Saturday, February 21, 2009

Tier 4 members and 10 year cutoff of 3% contributions

As of 2000 the Tier 4 pension law was changed with respect to the required time period that a member must contribute 3% of each paycheck to the pension system NYCERS, TRS, and BERS. The old 30 year time frame was changed to a 10 year period of "credited" service or 10 years as a member (strange, but that is the wording in the law). Credited service includes paid employment (in "city service") as a member of the retirement system and any prior service that was purchased or that was transferred from another N.Y.S. pension system. Purchased military service also counts towards credited service.

A member of the pension system can purchase service at anytime while he/she is a member of the pension system but that service is only credited to the member after he/she has earned two years of membership service.

The reason I am raising this issue is that if a member postpones buy back prior service, he/she may wind up paying more money into the pension system than he/she has to.

For example: a member, with two years of membership service who buys back eight years of prior service with a lump sum payment, no longer has to pay the standard 3% Tier 4 payroll contribution as of the date of the deposit of the lump sum.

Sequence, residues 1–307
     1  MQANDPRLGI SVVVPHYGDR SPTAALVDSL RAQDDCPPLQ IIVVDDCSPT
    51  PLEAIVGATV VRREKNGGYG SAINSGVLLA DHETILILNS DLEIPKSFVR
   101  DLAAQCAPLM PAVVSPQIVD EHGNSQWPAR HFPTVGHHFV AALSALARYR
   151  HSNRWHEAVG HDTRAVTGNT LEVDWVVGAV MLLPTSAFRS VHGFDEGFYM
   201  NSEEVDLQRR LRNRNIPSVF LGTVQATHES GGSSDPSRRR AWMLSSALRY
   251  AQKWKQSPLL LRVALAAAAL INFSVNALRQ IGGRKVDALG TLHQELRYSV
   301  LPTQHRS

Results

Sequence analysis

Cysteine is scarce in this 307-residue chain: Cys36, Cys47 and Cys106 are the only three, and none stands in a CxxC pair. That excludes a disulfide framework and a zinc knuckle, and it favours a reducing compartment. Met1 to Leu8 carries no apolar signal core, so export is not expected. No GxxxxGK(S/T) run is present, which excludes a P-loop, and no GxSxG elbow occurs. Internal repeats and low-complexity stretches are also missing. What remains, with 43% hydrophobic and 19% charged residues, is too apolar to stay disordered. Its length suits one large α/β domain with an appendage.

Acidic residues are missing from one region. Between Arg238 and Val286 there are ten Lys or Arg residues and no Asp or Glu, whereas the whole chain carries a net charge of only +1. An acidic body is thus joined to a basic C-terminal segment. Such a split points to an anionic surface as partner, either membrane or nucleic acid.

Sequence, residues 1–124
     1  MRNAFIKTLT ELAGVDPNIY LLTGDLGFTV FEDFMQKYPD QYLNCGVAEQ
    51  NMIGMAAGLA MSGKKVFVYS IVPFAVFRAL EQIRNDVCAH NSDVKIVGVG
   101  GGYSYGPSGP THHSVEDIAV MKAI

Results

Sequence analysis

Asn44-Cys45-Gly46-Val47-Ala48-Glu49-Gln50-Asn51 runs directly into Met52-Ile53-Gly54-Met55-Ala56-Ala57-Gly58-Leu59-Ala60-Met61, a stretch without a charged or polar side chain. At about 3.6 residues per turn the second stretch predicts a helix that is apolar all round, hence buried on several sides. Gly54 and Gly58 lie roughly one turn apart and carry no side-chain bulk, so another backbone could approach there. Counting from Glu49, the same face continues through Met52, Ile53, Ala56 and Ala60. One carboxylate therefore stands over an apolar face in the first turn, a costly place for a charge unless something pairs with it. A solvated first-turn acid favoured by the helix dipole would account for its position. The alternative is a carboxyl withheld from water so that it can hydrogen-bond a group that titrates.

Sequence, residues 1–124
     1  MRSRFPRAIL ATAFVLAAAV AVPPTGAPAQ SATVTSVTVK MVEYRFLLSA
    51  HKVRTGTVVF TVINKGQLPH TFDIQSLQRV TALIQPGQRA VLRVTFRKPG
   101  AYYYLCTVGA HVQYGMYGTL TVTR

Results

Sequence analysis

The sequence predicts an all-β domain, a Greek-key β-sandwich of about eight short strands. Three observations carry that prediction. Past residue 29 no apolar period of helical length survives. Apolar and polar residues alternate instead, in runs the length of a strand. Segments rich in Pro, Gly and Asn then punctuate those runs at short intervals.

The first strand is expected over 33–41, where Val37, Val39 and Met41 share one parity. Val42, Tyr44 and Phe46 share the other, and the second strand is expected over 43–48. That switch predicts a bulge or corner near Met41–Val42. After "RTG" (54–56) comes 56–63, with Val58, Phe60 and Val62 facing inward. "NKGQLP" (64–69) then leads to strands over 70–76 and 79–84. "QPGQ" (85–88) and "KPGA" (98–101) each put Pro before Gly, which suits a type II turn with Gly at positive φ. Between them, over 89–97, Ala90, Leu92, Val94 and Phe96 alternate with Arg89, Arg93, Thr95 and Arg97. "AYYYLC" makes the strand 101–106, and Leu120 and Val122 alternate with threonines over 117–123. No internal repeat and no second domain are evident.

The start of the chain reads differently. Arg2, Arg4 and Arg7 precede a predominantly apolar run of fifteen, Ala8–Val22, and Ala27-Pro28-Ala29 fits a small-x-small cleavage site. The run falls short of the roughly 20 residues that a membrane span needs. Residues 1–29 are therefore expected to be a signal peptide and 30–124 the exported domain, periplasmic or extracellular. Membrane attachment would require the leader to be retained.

The cost of the purchased service is 3% of the original payroll earnings brought forward with 5% interest.

A member may purchase prior service by payroll deductions. It is, however, more complicated to nail down the exact date on which a member has ten years of credited service. The pension system is required to make that determination.

If that same member waits until he/she has been a member for ten years (anniversary date), he/she will pay a higher cost for the purchased service because of the higher interest charge due to the longer time period. More importantly that member will also have paid 3% of his/her earnings for the eight years of membership service and the additional eight purchased years.

The clear lesson is buy the service as quickly as possible. For tax purposes you should use the "457" Deferred Comp plan option to make the lump sum payment. Generally you should try to save some money in the "457" plan offered by NYC (there is also a "401k" plan) but be very careful with the investment options.

One caveat: Once you are credited with ten years of service, your vested benefit is locked in and you can not withdraw your 3% contributions from the pension system if you resign from "city service". You can still transfer to another N.Y.S. pension system.

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